Past Research Projects
Overseer with quipucamayo of an Inca storehouse. From Felipe Guaman Poma de Ayala, Nueva corónica y buen gobierno, 1936 (c. 1615), p. 335. Royal Library of Denmark
This project was directed by Joanne Pillsbury, formerly assistant dean of the Center and now Andrall E. Pearson Curator in the department of the arts of Africa, Oceania, and the Americas at the Metropolitan Museum of Art. The three-volume reference work, published in 2008, supports research on the pre-Hispanic, viceregal, and early republican periods of the Andean region of South America. The work is intended for scholars in anthropology, history, archaeology, art history, and related disciplines. It includes 29 thematic essays and 186 biographical and bibliographical entries reflecting contributions from 125 scholars in 19 countries. Copublished by the National Gallery of Art and the University of Oklahoma Press, the guide addresses key texts of the sixteenth through the nineteenth centuries concerning the region defined by the extent of the Inca Empire (modern Peru, Bolivia, Ecuador, and parts of Colombia, Argentina, and Chile).
A Spanish translation (Las Fuentes documentales para los estudios andinos, 1530-1900) was copublished with the Pontificia Universidad Católica del Perú in 2016.
Architectural Drawings Advisory Group / Foundation for Documents of Architecture
Claude Gillot, Studies of Ornament and Architecture, c. 1710, pen and brown ink over traces of graphite on laid paper, Woodner Collection, Gift of Andrea Woodner, 2006.11.13.b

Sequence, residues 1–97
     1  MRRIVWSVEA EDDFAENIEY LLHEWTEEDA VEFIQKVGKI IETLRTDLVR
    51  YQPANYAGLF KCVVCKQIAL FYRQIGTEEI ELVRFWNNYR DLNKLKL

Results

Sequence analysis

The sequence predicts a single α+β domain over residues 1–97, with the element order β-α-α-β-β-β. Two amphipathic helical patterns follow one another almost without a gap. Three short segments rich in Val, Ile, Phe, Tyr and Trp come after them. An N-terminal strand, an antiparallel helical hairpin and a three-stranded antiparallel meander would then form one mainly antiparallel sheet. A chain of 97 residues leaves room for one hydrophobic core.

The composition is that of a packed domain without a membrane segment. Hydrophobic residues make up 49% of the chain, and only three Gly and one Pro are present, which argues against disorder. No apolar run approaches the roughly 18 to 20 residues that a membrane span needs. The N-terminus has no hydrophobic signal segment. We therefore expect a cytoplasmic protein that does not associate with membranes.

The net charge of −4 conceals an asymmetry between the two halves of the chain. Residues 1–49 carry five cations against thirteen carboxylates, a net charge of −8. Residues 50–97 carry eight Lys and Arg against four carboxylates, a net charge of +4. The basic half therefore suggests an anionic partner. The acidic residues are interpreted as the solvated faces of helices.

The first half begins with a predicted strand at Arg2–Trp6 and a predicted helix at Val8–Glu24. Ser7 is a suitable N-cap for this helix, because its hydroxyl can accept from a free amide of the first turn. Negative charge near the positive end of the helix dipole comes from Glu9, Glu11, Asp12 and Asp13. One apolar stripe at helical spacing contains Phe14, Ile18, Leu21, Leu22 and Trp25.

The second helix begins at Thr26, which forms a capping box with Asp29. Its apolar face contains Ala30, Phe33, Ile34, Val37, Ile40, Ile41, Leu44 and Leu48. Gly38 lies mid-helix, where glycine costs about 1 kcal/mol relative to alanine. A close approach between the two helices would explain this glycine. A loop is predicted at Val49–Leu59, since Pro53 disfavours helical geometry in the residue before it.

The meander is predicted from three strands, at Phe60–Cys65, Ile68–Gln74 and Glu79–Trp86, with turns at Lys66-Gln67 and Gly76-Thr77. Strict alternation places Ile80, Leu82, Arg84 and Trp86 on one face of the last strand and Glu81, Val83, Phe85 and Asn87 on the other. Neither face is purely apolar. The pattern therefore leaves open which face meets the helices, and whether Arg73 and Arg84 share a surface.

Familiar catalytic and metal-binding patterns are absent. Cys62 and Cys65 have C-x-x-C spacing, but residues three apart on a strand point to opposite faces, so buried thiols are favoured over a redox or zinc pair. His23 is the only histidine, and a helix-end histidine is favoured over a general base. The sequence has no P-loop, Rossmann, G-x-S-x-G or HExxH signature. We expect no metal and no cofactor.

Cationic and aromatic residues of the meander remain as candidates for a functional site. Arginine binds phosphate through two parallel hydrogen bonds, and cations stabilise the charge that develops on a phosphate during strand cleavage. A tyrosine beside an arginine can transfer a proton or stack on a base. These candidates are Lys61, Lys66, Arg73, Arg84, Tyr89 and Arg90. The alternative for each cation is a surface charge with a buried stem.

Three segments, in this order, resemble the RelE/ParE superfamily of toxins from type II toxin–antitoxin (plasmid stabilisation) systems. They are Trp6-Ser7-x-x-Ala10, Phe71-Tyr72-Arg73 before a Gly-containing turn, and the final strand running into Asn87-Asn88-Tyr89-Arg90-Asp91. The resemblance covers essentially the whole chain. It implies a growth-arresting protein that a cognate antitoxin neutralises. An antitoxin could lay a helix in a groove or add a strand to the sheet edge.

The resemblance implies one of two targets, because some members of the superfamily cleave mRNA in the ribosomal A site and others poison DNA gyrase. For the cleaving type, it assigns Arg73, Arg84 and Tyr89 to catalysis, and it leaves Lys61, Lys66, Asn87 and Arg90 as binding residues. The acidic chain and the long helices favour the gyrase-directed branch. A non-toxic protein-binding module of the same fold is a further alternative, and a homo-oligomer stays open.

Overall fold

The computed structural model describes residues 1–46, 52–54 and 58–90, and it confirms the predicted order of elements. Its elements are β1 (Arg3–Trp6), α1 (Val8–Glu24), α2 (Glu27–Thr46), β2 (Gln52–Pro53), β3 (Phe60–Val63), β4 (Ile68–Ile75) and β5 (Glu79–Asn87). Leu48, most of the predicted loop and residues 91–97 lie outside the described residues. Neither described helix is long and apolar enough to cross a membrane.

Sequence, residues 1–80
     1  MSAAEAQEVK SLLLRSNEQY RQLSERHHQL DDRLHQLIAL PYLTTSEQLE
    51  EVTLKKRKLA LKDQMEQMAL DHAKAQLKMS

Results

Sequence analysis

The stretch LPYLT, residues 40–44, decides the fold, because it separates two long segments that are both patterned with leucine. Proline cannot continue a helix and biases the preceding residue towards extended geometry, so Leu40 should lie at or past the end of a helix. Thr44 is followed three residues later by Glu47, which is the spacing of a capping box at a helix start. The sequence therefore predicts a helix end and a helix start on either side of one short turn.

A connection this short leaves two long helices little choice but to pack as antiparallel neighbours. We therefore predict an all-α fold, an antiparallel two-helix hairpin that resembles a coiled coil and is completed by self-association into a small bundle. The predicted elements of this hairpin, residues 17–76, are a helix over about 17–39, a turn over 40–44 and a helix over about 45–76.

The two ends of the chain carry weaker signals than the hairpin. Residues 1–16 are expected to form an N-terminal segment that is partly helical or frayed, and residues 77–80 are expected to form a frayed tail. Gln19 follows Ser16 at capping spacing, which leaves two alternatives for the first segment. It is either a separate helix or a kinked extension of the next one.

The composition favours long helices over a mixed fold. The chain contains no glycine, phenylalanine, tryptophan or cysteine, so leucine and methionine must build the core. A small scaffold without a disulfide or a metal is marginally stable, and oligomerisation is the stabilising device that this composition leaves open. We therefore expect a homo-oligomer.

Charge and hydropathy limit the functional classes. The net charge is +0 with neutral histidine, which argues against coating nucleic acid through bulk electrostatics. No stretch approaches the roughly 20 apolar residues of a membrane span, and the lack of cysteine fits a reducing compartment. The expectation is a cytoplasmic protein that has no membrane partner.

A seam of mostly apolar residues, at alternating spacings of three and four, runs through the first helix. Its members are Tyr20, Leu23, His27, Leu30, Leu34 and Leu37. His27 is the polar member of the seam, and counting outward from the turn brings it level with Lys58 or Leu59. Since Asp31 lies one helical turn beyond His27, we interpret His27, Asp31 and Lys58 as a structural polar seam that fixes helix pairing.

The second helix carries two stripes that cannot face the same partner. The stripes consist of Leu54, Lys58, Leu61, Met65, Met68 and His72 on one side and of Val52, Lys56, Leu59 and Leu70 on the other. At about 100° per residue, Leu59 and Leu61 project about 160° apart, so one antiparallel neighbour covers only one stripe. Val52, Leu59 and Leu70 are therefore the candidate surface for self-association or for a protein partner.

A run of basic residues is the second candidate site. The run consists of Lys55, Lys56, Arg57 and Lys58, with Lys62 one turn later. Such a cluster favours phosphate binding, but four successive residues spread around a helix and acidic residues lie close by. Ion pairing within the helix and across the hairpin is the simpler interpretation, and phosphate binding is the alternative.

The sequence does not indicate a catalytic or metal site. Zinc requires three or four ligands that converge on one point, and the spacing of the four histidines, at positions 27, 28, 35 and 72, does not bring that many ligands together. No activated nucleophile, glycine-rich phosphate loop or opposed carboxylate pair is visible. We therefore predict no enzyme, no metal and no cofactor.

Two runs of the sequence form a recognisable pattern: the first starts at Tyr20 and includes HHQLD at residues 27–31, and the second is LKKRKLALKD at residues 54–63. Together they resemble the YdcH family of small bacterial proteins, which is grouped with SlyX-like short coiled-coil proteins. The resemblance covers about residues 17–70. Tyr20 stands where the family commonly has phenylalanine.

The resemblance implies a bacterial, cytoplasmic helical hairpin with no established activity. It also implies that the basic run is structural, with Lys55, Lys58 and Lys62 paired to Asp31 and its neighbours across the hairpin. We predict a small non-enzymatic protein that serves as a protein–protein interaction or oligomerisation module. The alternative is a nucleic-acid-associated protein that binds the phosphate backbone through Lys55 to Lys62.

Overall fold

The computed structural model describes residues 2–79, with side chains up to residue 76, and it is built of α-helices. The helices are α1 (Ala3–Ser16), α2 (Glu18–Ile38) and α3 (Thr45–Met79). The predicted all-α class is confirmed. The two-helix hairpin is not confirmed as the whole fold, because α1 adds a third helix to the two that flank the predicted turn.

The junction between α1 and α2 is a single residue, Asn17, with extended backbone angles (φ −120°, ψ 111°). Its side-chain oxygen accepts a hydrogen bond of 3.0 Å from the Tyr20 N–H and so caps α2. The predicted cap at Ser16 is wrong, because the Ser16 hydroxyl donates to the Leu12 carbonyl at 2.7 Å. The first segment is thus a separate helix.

In 1983 the Center convened an international group of architectural drawings specialists representing major repositories in North America and Europe to build consensus concerning cataloguing standards for architectural drawings. ADAG explored how a network might be established to apply guidelines for descriptive cataloguing in both electronic and printed form. In 1986 the Foundation for Documents of Architecture (FDA), a nonprofit corporation, was founded by several ADAG members to promote ADAG’s recommendations in an automated cataloguing environment and to translate ADAG’s recommended standards into published guidelines. In 1994 ADAG and the FDA published A Guide to the Description of Architectural Drawings by Vicki Porter and Robin Thornes with G. K. Hall & Company on behalf of the Getty Art History Information Program. Henry A. Millon initiated and led ADAG and also served as president of the FDA (1986–1992).
Attributed to Pietro Righini, scenography. London, The British Museum, © The Trustees of the British Museum
The Italian Architectural Drawings Photograph Collection (IADPC) was assembled under the direction of the Center’s founding dean, Henry A. Millon, for the photographic archives of the National Gallery of Art Library. The collection of approximately 45,000 photographs and 350 manuscripts on microfilm documents drawings made before 1800 of Italian architecture from repositories around the world. The artists and draftsmen who produced these drawings are not exclusively Italian, but come from throughout Europe. The architectural drawings fall into various categories, such as working, project, and presentation drawings; views, panoramas, travel sketches, treatises, architectural details, and architectural ornament. Also included are drawings from related fields in which the influence of architecture is pronounced and where the designers frequently were architects, for example shipbuilding, carriage and furniture design, and gold and silverware. The IADPC photographs may be consulted by scholars in the National Gallery of Art Library department of image collections.